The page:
LONDON (Reuters) - Investment consultants who advise UK pension schemes face tougher rules under proposals outlined by Britain’s anti-monopolies regulator on Wednesday.
Among changes proposed were mandatory competitive tenders for pension trustees selecting their first fiduciary manager and deadlines to retender within five years if they have already appointed a manager without doing so.
The Competition & Markets Authority (CMA) has spent 10 months gathering information on investment consultants, which advise UK pension schemes, after the Financial Conduct Authority expressed concern over a range of issues, including conflicts of interest and opaque fees, as part of its own review into asset management.
Some market participants had anticipated the CMA might call for a break-up of the three largest players, but in its provisional response the authority said that their combined market share was below 50 percent and there were no significant barriers to entry.
However, it said changes were needed to ensure consultants provide better value for money, both when advising pension schemes on where to invest and also when doing it for them, known as fiduciary management.
“We’re concerned that pension schemes are not currently putting pressure on the market to get the best value for money on behalf of their members,” said John Wotton, chair of the CMA’s Investment Consultants Market Investigation.
“This is an extremely important sector that influences how well millions of people’s pension savings are invested, and it’s therefore vital we take steps to make sure that competition is working properly.”
Ed Francis, head of investment, EMEA, at Willis Towers Watson, said the firm welcomed the proposals, but asked the CMA “to consider the proportionality and cost to schemes of a mandatory tendering requirement, particularly for smaller pension schemes”. Fiona Dunsire, CEO of Mercer UK, said the firm supported tendering as “good practice for clients”.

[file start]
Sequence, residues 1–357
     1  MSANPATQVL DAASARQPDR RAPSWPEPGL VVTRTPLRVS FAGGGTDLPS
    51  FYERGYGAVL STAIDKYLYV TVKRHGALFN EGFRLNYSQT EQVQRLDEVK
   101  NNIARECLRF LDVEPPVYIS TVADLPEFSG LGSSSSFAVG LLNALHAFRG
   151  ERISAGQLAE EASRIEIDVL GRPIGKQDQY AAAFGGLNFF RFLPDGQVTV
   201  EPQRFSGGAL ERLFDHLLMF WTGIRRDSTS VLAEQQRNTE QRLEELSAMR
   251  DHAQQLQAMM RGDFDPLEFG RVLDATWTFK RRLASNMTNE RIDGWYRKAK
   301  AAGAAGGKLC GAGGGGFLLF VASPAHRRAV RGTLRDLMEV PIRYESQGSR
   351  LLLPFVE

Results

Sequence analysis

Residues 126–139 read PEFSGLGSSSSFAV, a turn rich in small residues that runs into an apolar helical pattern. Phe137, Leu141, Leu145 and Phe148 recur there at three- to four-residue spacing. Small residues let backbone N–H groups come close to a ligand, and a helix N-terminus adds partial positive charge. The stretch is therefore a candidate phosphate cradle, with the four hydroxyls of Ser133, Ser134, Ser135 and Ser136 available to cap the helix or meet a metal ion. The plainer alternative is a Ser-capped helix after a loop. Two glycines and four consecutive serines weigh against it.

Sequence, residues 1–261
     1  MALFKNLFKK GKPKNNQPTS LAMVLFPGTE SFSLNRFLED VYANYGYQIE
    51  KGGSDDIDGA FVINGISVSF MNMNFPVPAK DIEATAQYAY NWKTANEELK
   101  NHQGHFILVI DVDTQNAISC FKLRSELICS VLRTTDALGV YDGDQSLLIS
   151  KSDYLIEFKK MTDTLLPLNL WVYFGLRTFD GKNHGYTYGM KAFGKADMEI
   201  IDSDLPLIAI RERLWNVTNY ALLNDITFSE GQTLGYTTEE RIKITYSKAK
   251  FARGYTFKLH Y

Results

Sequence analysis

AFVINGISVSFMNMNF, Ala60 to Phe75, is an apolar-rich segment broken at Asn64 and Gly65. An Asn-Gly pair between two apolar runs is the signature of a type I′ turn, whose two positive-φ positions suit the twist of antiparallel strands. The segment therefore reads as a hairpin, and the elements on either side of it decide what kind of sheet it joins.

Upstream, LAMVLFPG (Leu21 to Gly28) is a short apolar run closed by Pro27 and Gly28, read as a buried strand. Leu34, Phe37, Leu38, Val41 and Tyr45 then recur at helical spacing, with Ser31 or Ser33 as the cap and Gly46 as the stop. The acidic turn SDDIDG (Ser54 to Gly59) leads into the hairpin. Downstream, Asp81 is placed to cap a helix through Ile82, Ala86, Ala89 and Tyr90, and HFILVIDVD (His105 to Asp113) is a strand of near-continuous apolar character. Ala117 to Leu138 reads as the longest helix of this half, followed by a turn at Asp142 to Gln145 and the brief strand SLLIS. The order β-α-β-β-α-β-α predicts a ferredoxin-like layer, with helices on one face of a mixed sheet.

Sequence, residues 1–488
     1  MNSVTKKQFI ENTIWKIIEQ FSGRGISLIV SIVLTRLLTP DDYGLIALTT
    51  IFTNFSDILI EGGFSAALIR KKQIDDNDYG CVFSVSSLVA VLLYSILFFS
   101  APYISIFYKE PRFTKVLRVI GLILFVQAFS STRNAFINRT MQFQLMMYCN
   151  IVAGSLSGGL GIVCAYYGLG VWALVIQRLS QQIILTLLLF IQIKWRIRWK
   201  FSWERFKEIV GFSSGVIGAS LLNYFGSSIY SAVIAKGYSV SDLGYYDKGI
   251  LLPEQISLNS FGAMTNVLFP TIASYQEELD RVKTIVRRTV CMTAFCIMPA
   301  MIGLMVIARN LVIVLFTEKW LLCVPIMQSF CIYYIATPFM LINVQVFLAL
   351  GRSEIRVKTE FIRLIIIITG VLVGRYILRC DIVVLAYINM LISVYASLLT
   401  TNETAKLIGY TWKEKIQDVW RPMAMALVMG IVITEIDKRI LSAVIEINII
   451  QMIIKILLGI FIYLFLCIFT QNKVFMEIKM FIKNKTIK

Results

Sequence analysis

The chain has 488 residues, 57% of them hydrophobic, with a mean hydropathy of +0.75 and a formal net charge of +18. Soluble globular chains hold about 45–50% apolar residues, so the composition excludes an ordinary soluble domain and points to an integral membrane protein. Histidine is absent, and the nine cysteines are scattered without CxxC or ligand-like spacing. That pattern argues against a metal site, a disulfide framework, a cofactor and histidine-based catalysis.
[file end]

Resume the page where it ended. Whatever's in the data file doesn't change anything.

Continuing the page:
The CMA also recommended that The Pensions Regulator provide trustees with more advice on how to choose and scrutinise providers.
“They may lack the information they need to compare competing offers and so could be sticking with their existing investment consultant or fiduciary manager when there are better options available,” Wotton said.
Andy Cox, global business officer and head of EMEA/APAC at Aon, said the firm did not believe that the CMA “has presented sufficient evidence to show any adverse effect on competition, nor do we recognise low levels of engagement among our trustee clients,” adding that “the CMA has come forward with provisional remedies and recommendations that we support in principle”.
The CMA said fiduciary management firms must also provide clearer information on fees and how they have performed for other clients.
It also wanted to see greater oversight of the industry and proposed the British government broadens the scope of the FCA, a proposal which the Pensions and Lifetime Savings Association said it welcomed.
Industry feedback on the CMA proposals is due by Aug. 24.
Editing by Sinead Cruise/Emelia Sithole-Matarise/Susan Fenton